In a recent blog, Poetry Showcase – the hiatus explained and looking for a way forward, with a little help from friends, I mentioned my one-time writing group buddy and successful poet John Adams.
During the first year of our writing group he, myself and another fellow writer enrolled in Massey University’s Creative Writing paper, the first half of which was dedicated to poetry. Later that year John announced his intention to apply for the Masters of Creative Writing at University of Auckland. While not surprised, given by day John was a District Court and Family Court Judge, I was both shocked at the magnitude of this feat and inspired by his infectious joy at becoming immersed in a year of creativity. Briefcase is the outcome of that year, 2010.
I still recall an Tuesday evening writing group get-together; when sipping red wine and eating pizza, John read us a short story from the point-of-view of a stapler; it considered the legal ramifications of an inanimate object striking the side of Verity Button’s face and thus causing her death. Long after the meeting finished I continued to be both amused and puzzled. This story became John’s muse for the Briefcase.
Personally, I love how John has taken the precise, unemotional and authoritative language of the law and crafted a page turning poetry book / novella that at times challenges the reader while seeking to involve us by turning the reader into a member of the jury. The proclamation of this intent evident in the first poem If the language:
“If the language were of death,
would you better understand
the need for care-
John ventures beyond the traditional poetry forms and is experimental, using legal documents such as wills with faded out or whited out text to unfold a poem. The Caption Sheet on page 30, which concludes with, “An order is sought for the destruction of the stapler”, is bought humourist and thought provoking. John always one to capitalise on a particular thread uses this introspective moment to deliver Cold one : “a cold one you could / knock one cold one you / could knock me knock me’’.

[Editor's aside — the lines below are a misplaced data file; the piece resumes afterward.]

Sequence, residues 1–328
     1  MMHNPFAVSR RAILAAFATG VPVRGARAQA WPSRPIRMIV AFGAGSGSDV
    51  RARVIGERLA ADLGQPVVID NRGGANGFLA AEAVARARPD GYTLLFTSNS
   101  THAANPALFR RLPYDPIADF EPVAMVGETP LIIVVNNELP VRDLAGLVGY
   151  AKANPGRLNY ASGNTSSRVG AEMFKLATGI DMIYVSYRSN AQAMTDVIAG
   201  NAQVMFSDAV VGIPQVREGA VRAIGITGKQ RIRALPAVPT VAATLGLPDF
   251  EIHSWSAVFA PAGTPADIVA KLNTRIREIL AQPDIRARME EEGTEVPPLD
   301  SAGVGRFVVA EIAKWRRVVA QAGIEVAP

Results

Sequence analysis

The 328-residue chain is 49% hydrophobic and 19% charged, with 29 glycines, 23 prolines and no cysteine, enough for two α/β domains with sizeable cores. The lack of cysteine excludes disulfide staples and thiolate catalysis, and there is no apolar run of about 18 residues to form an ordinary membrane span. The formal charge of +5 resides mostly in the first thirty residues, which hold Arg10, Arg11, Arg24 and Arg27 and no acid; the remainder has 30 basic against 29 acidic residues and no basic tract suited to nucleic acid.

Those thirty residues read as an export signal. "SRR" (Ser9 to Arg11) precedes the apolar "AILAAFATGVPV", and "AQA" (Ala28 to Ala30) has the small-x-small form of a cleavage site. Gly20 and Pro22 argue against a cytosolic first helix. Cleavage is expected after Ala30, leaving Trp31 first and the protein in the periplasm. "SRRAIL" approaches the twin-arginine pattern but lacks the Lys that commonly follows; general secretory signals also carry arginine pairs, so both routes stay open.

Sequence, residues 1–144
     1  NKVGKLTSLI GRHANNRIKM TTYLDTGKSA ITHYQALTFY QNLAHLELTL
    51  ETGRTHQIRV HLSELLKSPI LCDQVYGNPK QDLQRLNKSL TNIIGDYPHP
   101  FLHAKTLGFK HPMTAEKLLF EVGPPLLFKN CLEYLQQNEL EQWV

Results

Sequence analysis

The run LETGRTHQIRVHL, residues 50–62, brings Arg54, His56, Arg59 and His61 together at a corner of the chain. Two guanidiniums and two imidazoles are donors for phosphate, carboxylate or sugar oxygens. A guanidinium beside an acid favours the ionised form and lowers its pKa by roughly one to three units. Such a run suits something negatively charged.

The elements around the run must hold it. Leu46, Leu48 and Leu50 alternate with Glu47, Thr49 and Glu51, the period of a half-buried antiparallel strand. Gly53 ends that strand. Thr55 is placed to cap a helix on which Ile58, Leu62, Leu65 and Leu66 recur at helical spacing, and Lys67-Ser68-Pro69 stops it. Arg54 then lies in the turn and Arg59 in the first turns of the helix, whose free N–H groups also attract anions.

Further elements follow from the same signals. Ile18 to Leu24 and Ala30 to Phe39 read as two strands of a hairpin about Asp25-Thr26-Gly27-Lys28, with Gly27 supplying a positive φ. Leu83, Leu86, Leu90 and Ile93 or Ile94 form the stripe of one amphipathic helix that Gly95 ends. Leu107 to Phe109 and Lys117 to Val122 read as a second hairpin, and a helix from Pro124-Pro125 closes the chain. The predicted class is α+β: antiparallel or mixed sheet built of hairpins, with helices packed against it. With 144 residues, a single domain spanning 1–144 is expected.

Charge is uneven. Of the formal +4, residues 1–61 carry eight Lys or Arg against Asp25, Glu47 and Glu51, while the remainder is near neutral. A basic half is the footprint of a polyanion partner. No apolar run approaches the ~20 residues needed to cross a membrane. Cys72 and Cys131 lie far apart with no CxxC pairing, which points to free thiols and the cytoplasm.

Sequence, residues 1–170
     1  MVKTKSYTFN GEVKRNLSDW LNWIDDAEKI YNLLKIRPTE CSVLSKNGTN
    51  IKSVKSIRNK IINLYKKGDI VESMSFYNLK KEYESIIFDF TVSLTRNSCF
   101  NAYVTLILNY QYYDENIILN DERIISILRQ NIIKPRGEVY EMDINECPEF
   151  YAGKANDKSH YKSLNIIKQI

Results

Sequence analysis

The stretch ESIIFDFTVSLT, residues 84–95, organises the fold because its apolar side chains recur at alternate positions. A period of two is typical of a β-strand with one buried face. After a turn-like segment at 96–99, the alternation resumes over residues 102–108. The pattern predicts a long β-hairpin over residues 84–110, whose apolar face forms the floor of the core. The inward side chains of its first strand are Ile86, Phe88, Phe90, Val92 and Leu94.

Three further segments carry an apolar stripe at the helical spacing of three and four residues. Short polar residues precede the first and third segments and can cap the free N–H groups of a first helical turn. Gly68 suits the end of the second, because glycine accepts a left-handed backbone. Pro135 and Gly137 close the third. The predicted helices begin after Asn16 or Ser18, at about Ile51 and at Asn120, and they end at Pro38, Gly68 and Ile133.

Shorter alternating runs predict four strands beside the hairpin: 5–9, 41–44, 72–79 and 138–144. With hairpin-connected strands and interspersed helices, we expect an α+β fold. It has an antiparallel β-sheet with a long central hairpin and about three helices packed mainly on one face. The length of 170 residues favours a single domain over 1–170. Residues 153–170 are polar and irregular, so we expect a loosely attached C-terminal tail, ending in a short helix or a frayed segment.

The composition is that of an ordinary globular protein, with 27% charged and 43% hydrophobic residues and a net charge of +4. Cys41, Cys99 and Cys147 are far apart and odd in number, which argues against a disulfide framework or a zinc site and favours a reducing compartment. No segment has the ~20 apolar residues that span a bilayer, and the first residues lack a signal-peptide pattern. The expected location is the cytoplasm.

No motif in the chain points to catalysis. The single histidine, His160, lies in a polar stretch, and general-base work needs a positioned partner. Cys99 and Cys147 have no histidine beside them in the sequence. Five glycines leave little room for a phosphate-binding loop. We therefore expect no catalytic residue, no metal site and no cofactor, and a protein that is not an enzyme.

These words bring me back to reality; this is or rather was the briefcase of a sitting Judge. His daily reality included domestic violence, girded by alcohol, on a daily basis. A few drinks, an argument, you think the person has left the room, desperate to be rid of the frustration you picked up an object; in the case of Jason Porstmouth Button a stapler; he throws it precisely at the time his wife Verity re-enters the room. Is this domestic violence? Did the stapler beckon to the frustrated husband? Did the wife come back to respond to her husbands ‘Fuck you’ as she closed the door? In the eyes of the law is a stapler a weapon?
As a juror we are asked these questions. We are given documents and poems, revealing the lives and turmoils of Jason and Verity Button. They challenge us to go Between the lines rather than in a Straight line. We are asked to consider deeply the meaning of language. To ponder on a piece of evidence, an inanimate object, which caused the injury – the staple, in Buttons and Staples of Law.
John Adams spoke with Kim Hill – Saturday 15 October 2011 about the Briefcase collection. During the interview he read the poem Provisions and together with Kim as Mrs Verity Button the Cross-Examination. I would urge you to take the time to listen ( recording 16:47); John’s delight in discovering poetry in the legal language is infectious. Warning you may want to rush out and buy a copy of the Briefcase.
I possess a vivid imagination and never gave words a thought until I started writing poems for the Creative Writing paper assessments. It lead me into what I term my literary apprenticeship. John with his love of language had a different experience, “you dip your toe in a stream and suddenly the current tears you away somewhere.” This somewhere was the discovery of a talent for poetry, the achievement of a Masters in Creative Writing (Auckland University), Briefcase and The Elbow Stories (NZ Short Stories).
The last words of this blog recall the Sudoku puzzles included in the Briefcase – LAWPOETRY and POETRYLAW a signifier for the witty and thought provoking poem, Justice: “It will always be difficult to get to / the heart of justice because it is girded / so that every approach meets a moat / of jus, …./”
Adams, John: Briefcase. Auckland University Press, Unversity of Auckland, 2011. First published 2011, reprinted 2012. ISBN 978-1-86940-49-8.
We have used our own photo’s of the front and back cover for featured and post images.